Saturday, January 31, 2009
Friday, January 30, 2009
1) Was it intentional the way in which the Apocrypha was arranged, with the Catholic Deuterocanonicals in order first? (I know that the original RSV NOAB Expanded Edition had it a little different)
2) How do you rate this new ESV edition in comparison with the NRSV? Do you think a Catholic, like myself, would be comfortable using it as a primary Bible for prayer and study?
Here is his reply:
I really can't answer your second question, since only you can determine your level of comfort. If I were Catholic, I would probably be put off by the books appearing outside of the OT and in the back, although I do think placing them in the middle is an acceptable compromise (acceptable, because some Protestants wouldn't want it printed in a Bible at all, and Catholics would, of course, prefer the more common distribution of the books within the OT). As a translation, I think the ESV Apocrypha offers a strong option for devotional reading and study. I know that I approached my task with the attitude that I was translating the Church's scripture (even if it is not part of MY church's Scripture). I'm admittedly a little uncomfortable with some aspects of the ESV's inclusive language policy, though I think the NRSV sometimes solves the issue of gender inclusivity poorly (e.g., using "friends" or "beloved" to replace "brothers," when I would certainly have used "brothers and sisters" as the inclusive equivalent -- the kinship language being intentional and formational within the early church).
I'm embarrassed to admit that I have no answer for your first question at all. I never paid any attention to the question of how the books would be ordered -- just plugged along translating my own assignments!
All the best,
Thanks again, Dr. deSilva, for stopping by!
Thursday, January 29, 2009
So as they were leaving, I wondered why they decided to immediately recommend those authors. Did they just assume that since I was using an ESV that I would be well read in the works of Grudem and Piper? Or perhaps were they trying to steer me towards a more reformed theology? I am really not sure. In my line of work, I have had multiple encounters with other Christians, mostly Baptists it seems, who have tried to challenge me on Catholic theology. While I don’t personally set out to challenge other Christians on their beliefs, it has always struck me at how oftentimes I am looked on as not even being Christian, simply because I am Catholic. Now I am not suggesting that the couple I met yesterday had those thoughts, but some of those whom I have encountered certainly have acted and said as much.
For me, I am always ready to talk about my Catholic faith with those who are interested in listening. It’s not like I am ashamed to be Catholic or that I think there are some problems with Catholic theology. I don’t. I am a proud JPII Catholic and can defend my faith with the best of them. However, what is odd to me is that when I am sharing my experiences as a Catholic with a Protestant, it never occurs to me to regard them as anything else but a fellow Christian. Again, let me point out that I have some wonderful friendships with Protestants who don’t think this way, but I have run into a few, more and more recently, who have regarded me as being equal to a Roman pagan of the 1st century. Oftentimes in these situations, I feel as though I am being talked down to, as if I were a fourth grader.
I bring up this personal story in order to put this in context with the ESV. Is there a connection with those who primarily use the ESV and anti-Catholicism? I don't know to be honest, but it certainly makes me think about whether or not to use the ESV.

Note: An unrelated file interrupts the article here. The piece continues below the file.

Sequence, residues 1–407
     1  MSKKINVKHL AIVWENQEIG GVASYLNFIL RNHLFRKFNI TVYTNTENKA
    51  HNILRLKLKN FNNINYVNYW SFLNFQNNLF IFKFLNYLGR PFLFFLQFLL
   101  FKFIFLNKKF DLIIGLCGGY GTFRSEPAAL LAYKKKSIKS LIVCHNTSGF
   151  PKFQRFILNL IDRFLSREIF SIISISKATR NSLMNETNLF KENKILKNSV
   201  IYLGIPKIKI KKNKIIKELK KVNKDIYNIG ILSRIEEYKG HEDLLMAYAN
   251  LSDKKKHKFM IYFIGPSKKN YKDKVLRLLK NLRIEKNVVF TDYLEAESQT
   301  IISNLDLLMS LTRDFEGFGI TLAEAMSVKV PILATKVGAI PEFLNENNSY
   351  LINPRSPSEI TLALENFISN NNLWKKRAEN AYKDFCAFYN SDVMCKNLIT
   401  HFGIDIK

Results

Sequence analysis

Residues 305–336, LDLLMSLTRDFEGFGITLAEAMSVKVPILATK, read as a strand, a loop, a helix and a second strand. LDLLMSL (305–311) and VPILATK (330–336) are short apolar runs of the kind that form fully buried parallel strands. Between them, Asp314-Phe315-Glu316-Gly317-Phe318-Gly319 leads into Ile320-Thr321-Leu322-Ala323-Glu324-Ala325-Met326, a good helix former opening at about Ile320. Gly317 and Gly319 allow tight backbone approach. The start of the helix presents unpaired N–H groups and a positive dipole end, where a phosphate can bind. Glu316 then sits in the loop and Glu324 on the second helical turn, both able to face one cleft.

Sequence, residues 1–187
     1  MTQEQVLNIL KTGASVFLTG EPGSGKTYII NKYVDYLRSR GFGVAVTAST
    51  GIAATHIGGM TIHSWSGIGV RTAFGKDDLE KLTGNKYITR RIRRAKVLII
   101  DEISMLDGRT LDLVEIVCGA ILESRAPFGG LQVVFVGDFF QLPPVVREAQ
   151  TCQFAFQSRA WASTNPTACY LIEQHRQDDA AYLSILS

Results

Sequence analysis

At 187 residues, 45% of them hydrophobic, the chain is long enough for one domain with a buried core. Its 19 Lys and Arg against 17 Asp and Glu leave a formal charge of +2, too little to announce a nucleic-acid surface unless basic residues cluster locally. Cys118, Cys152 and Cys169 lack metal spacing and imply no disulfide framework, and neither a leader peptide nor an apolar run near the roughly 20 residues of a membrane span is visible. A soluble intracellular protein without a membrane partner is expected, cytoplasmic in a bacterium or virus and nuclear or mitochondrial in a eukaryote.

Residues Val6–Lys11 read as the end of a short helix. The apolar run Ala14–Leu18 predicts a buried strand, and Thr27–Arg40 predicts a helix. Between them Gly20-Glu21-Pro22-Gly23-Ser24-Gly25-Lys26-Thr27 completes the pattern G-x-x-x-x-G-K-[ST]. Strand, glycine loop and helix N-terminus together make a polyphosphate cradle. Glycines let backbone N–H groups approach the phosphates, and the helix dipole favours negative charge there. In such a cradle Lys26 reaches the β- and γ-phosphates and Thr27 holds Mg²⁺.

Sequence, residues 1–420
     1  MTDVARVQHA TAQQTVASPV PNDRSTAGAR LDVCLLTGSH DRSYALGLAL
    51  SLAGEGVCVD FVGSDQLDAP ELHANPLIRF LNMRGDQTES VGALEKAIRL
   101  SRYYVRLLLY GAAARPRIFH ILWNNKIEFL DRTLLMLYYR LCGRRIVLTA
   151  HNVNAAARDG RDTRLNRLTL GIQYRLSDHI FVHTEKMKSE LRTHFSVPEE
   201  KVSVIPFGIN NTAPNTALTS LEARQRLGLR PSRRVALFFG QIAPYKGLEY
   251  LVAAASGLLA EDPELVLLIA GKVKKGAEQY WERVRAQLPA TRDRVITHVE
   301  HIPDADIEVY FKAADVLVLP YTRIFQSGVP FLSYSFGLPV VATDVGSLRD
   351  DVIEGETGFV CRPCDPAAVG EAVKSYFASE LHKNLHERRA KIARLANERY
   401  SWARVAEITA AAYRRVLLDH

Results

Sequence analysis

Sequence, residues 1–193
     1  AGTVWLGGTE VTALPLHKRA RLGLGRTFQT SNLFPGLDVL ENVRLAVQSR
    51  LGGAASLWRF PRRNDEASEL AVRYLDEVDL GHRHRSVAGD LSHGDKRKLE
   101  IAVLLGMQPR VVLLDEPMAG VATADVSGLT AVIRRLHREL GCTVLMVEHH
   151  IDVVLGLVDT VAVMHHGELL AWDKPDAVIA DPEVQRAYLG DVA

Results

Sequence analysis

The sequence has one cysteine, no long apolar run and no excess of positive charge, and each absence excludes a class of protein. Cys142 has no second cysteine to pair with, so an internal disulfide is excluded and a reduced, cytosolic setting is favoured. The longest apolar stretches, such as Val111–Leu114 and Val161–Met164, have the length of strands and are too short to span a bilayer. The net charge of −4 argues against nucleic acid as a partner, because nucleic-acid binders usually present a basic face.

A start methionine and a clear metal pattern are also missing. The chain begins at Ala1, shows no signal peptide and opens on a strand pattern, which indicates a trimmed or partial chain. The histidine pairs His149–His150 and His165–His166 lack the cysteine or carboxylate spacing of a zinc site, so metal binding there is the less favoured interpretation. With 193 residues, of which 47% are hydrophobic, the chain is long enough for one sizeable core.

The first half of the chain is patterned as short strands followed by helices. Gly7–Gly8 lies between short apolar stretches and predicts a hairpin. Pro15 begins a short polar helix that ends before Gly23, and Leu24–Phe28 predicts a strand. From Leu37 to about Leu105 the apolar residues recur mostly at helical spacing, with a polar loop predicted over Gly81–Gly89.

Wednesday, January 28, 2009
Monday, January 26, 2009
I was very pleased myself to get a copy of this edition in the mail.I can put to rest one question in the preceding comments: OUP did NOT make the decision to place the Apocrypha in the back. Perhaps Luther's solution of separating them out and placing them in between the testaments (a location that makes far better sense historically) was not a sufficient statement regarding their (non-) canonicity. I think a Catholic edition will be a long way off (perhaps scheduled for a few years after the second coming), unfortunately.
It was a privilege, however, to have been asked to work on this. We subjected the RSV to a very thorough revision, correcting it in ways that escaped the notice of the NRSV translators of the Apocryphal/Deuterocanonical books. I know that the ESV has occasioned some serious debates on account of its inclusive language policy, and I am very sympathetic to the application of the same in the NRSV and TNIV. I think we attended well to this policy in handling the Apocryphal books, and expect, if we are not judged together with the rest of the translation, that critics from both sides will look favorably on what we have done.
But most importantly, we have put the Apocrypha within the grasp of the devotees of the ESV -- and anything that fosters knowledge of and appreciation for these texts is a project worthy of some part of my short span on this earth. :)
Saturday, January 24, 2009
Well, after a fairly long wait, I finally received the Oxford University Press English Standard Bible with Apocrypha. The photo on the left gives you a decent view of what the pages look like. (I hope to be able to get some better pictures up in the coming days.)
Here are my first impressions:
Overall, I think the product, itself, is quite good. Since there was very little information about it given on any of the vendor websites, I must say I am pleasantly surprised. It contains the 2007 edition of the ESV, with the new Oxford 2009 ESV Apocrypha. The new translation of the Apocrypha (Deuterocanonicals) is really an updating of the older RSV Expanded Apocrypha. The Preface to the Apocrypha says that this edition's goal was "updating archaic language, clarifying obscure words, removing inaccuracies, and bringing punctuation up to current American standards." The scholars who worked on the Apocrypha/Deuterocanonicials were David A deSilva (Ashland Theological Seminary), Dan McCartney (Westminster Theological Seminary), and Bernard A. Taylor (Loma Linda University). There was also a post edit job to achieve consistency by David Aiken (Ada, Michigan).
The Table of Contents Lists the Following:
Alphabetic Listing of Books of the Bible
Alphabetic Listing of Books of the Apocrypha
Preface to the ESV
Explanation of Features
Apocrypha Table of Contents
Preface to Apocrypha
Tables of Weights and Measures
Oxford Maps (9)
1) I really like the size of this Bible. I was worried at first that it might be too big and heavy, but it really isn't. In fact, if I were to compare it to one of my other Bibles, it is almost identical in size with the Ignatius RSV-2CE. As a matter of fact, it may be a touch smaller, but not by much.